An eccentric inventor and his new flying machine are the focus of this musical comedy.

Director:

(as Charles F. Reisner)

Writers:

(book) (as George G. De Sylva), (book) | 5 more credits »
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Cast

Complete credited cast:
...
Rusty
...
...
Sport
...
Eileen
...
Doctor Brown
...
Mrs. Smith
...
Mr. Smith
Herbert Braggiotti ...
Gordon
Gus Arnheim and His Orchestra ...
(as Gus Arnheim and his Orchestra)
Rest of cast listed alphabetically:
Gus Arnheim ...
Himself - the Orchestra Leader
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Storyline

An eccentric inventor and his new flying machine are the focus of this musical comedy.

Plot Summary | Add Synopsis


Certificate:

Passed
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Details

Country:

Language:

Release Date:

14 November 1931 (USA)  »

Also Known As:

George White's Flying High  »

Company Credits

Production Co:

 »
Show detailed on  »

Technical Specs

Runtime:

Sound Mix:

(Western Electric Sound System)

Aspect Ratio:

1.37 : 1
See  »
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Did You Know?

Trivia

Some sources list "Happy Landing" of the original play as the song used in the first production number, but it was the new song "I'll Make a Happy Landing" which was used. None of the original songs in the Broadway play was used in the film. See more »

Quotes

Doctor Brown: Your physical condition is your apprenticeship. My order as physician is to strip.
Chorus Girl: Hooray! We gotta strip!
See more »

Connections

Featured in That's Dancing! (1985) See more »

Soundtracks

We'll Dance Until the Dawn
(1931) (uncredited)
Music by Jimmy McHugh
Lyrics by Dorothy Fields
Sung by Kathryn Crawford and chorus and danced by the chorus in a production number
See more »

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User Reviews

 
Gnong, gnong, gnong!
3 June 2003 | by (Minffordd, North Wales) – See all my reviews



Bert Lahr starred in several musical revues on Broadway, but one of his rare successes in a 'book' musical (with a plotline) was 'Flying High', a topical comedy which scored points off the aviation contests and wing-walking stunts that were so popular in America at this time.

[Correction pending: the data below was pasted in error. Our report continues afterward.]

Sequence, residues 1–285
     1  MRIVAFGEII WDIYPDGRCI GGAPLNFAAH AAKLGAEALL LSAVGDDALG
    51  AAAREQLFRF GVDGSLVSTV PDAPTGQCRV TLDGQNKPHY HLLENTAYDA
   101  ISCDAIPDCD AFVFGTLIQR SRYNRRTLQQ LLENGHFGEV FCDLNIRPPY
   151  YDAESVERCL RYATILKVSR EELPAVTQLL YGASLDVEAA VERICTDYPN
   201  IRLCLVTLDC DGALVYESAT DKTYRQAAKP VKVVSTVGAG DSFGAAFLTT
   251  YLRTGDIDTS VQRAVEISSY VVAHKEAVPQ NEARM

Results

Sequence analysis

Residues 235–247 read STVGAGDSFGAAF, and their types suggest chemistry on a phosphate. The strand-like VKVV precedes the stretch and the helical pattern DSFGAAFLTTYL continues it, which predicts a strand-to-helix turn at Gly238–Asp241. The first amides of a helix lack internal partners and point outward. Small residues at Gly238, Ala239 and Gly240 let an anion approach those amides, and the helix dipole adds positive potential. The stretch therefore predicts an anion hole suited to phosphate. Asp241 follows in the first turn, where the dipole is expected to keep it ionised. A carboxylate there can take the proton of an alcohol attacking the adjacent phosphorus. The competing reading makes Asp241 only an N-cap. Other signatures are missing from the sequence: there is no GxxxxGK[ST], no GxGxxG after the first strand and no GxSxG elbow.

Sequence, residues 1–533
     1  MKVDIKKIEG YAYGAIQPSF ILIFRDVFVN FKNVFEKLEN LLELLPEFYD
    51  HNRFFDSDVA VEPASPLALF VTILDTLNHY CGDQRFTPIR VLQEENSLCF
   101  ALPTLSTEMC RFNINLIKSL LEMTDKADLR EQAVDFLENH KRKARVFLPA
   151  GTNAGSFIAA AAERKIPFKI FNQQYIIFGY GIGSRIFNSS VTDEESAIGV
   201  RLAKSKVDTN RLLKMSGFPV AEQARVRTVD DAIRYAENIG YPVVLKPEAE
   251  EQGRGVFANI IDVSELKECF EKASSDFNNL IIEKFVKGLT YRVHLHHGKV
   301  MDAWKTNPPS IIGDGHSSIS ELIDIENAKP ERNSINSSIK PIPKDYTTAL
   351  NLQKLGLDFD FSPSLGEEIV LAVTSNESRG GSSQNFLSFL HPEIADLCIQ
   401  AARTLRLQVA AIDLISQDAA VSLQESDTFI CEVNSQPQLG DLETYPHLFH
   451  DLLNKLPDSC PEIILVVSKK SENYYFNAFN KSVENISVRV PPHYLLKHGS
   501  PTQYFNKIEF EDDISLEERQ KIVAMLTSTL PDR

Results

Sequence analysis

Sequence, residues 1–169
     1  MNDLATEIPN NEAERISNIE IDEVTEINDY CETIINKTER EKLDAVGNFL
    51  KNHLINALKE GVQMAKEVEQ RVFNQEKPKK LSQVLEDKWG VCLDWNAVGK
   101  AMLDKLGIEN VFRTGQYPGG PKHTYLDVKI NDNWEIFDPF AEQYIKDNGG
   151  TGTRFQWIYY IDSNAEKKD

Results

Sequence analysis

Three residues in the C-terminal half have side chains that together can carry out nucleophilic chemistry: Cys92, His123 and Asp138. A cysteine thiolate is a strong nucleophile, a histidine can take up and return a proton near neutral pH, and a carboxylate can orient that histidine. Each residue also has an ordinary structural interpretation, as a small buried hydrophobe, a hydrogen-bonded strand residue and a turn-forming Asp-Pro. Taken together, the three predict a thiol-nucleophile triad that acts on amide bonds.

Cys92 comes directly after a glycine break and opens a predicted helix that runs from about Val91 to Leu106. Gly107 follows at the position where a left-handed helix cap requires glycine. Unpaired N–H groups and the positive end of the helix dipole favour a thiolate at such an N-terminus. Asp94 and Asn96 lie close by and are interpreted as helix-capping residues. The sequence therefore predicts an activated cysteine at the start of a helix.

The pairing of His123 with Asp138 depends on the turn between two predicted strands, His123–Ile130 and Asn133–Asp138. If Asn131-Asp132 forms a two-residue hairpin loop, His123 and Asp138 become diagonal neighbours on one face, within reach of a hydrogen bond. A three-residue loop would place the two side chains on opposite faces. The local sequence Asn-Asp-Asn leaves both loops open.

The plot is some froth about rival aviators competing for a transcontinental air race; the winner to receive a large cash prize, fame, and so forth. Gordon is the wealthy playboy pilot who wants to sink his skyhooks into sweet little Eileen Cassidy.

Bert Lahr, in fine form and looking surprisingly athletic, plays Rusty Krause, the airfield mechanic who is (somewhat unwillingly) engaged to Pansy (Charlotte Greenwood), who seems to be some sort of airport groupie. Rusty, who has no piloting experience, accidentally goes aloft in an experimental 'aero-copter'. Not willing to let her man fly away that easily, Pansy jumps on the tail of the 'copter just before it leaves the ground. Once they're up in the air, something goes wrong with the 'copter. While Rusty moans in terror, Pansy climbs out on the fuselage and fixes the rudder.

Charlotte Greenwood is one of my favourite actresses: funny, intelligent, and extremely athletic despite her tall gawky physique. She often played super-competent women strangely attracted to weakling men. She's an utter delight here, doing her airborne acrobatics (despite some bad process photography). When 'Flying High' ran on Broadway, Lahr's leading lady was Kate Smith ... yes, the moon-mountainous singer. I can't imagine how the stage production managed the climactic scene in the aero-copter, high above solid ground ... and I also can't imagine the very plus-sized Kate Smith as Pansy, enacting a stagebound version of Charlotte Greenwood's acrobatics in this movie. That's not a cheap crack about Kate Smith's girth; I'm forced to assume that her characterisation was very different from Greenwood's.

The funniest scene in this film is Lahr's medical examination, in which Doc Brown straps him into a revolving drum and sends it spinning rapidly while Lahr howls in agony. But the best gag of all comes in the same scene, while Lahr's feet are on the ground. (I'll set up the joke by mentioning that this movie was made during Prohibition, when every red-blooded American male carried a hip flask full of booze.) The doctor hands Lahr an empty bottle and tells Lahr to give him a 'specimen'. Lahr doesn't know what this means. Just as the doctor is about to explain, his phone rings. While on the phone, Doc Brown pantomimes to Lahr that he must fill up the bottle. As the doctor looks away, Lahr whips out his hip flask and fills the bottle with amber fluid. (I assume it's amber; this is a monochrome movie.) Doc Brown rings off the phone, just in time for Lahr to hand him a full bottle and announce: 'Here y'go, Doc. I could only spare a quart.' The sophisticated audiences on Broadway gave this line the biggest laugh of Lahr's career. It's a pity that Lahr is remembered only as the Cowardly Lion, and his brilliant comedy portrayals are forgotten. I'll rate 'Flying High' 8 out of 10.


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